As I was reading today’s readings, something caught my attention from a book of the Bible that I typically don’t turn to. That’s why it is good to have a plan of reading scripture that isn’t just books or concepts … Continue reading
I wanted to share with you a few thoughts from my sermon yesterday. Our passage was one of the more interesting passages in all the Bible, Jesus cleansing the Temple. We read from John 2: 14-16: 14 In the temple he found … Continue reading
We live in a world of divided attention. We live in a world of multitasking. We can be reading emails, texting, on social media, and listening to music, all at the same time. So many of us today are always … Continue reading
Some of our Old Testament daily readings for the next while will include portions from Judges. Judges is one of the more fascinating (and saddest) books in the Old Testament. The people have crossed over the Jordan into the Promised Land, … Continue reading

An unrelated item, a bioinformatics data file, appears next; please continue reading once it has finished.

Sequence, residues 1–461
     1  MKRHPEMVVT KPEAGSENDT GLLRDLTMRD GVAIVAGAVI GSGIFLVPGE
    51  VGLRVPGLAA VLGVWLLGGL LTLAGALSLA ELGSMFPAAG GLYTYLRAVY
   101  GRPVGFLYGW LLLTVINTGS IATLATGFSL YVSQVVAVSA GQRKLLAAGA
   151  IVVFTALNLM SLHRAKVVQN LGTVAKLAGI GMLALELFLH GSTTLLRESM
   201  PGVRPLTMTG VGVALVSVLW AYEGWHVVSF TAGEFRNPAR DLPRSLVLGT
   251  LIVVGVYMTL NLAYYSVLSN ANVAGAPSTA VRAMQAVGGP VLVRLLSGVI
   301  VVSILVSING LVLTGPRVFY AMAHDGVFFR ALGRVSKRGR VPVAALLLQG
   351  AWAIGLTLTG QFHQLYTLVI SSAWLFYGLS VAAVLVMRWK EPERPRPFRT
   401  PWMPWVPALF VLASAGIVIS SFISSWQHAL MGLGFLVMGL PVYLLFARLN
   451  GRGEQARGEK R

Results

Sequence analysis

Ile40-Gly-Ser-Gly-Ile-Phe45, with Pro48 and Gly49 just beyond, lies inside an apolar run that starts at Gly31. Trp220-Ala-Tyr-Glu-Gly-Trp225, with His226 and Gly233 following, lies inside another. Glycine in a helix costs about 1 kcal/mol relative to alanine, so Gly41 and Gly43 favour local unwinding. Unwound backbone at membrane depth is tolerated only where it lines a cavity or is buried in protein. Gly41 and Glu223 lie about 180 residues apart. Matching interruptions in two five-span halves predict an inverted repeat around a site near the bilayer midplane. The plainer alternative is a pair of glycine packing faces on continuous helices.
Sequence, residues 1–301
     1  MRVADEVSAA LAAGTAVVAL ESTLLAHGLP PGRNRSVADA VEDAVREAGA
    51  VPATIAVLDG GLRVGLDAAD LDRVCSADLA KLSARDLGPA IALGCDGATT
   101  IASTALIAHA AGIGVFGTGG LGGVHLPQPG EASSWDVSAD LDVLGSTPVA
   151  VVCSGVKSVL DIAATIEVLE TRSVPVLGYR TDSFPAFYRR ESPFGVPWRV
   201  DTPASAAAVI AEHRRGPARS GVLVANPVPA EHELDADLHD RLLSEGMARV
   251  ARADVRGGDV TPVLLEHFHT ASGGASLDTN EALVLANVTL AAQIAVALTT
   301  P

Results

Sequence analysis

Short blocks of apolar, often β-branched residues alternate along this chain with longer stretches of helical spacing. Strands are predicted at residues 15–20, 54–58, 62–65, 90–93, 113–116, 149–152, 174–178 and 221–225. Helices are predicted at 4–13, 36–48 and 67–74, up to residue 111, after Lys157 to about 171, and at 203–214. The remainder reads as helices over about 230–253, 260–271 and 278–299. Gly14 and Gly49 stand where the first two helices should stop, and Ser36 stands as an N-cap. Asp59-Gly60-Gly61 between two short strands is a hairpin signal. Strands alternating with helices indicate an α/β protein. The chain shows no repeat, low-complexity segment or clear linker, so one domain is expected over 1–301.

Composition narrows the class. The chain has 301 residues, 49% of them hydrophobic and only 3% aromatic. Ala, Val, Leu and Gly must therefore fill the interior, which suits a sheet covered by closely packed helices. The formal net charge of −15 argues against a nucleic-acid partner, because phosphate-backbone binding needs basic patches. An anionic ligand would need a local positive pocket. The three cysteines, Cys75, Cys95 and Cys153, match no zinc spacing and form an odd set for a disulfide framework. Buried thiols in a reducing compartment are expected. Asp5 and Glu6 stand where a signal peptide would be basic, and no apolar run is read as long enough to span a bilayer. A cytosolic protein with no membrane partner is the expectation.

Today is Mondy of Holy Week, the week that starts with Palm Sunday, and leads us towards Easter. Each of day this week we’ll take a look at part of what happened to Jesus and reflect upon what is it … Continue reading
I hope everyone had a very Merry Christmas. Another housekeeping note, sorry we missed a few days last week, with Christmas and a few unexpected things popping up, I was unable to get these out. But we are back on!
Let me give you a schedule for these rest of this week. We’ll be walking together through Mark through Thursday. And then, we will be taking a break for about 10 days. From January 3-13 I am going to be in the Holy Land. But while I’m there, I’m going to attempt to send out a daily update of what we have seen and done, and if the internet is agreeable, send out some daily video blogs as well. So, you’ll get to get to walk with us through our trip to Israel, if all goes according to plan!
Today, we look at Mark 14:1-9:
It was two days before the Passover and the festival of Unleavened Bread. The chief priests and the scribes were looking for a way to arrest Jesus by stealth and kill him; 2 for they said, “Not during the festival, or there may be a riot among the people.”
The Anointing at Bethany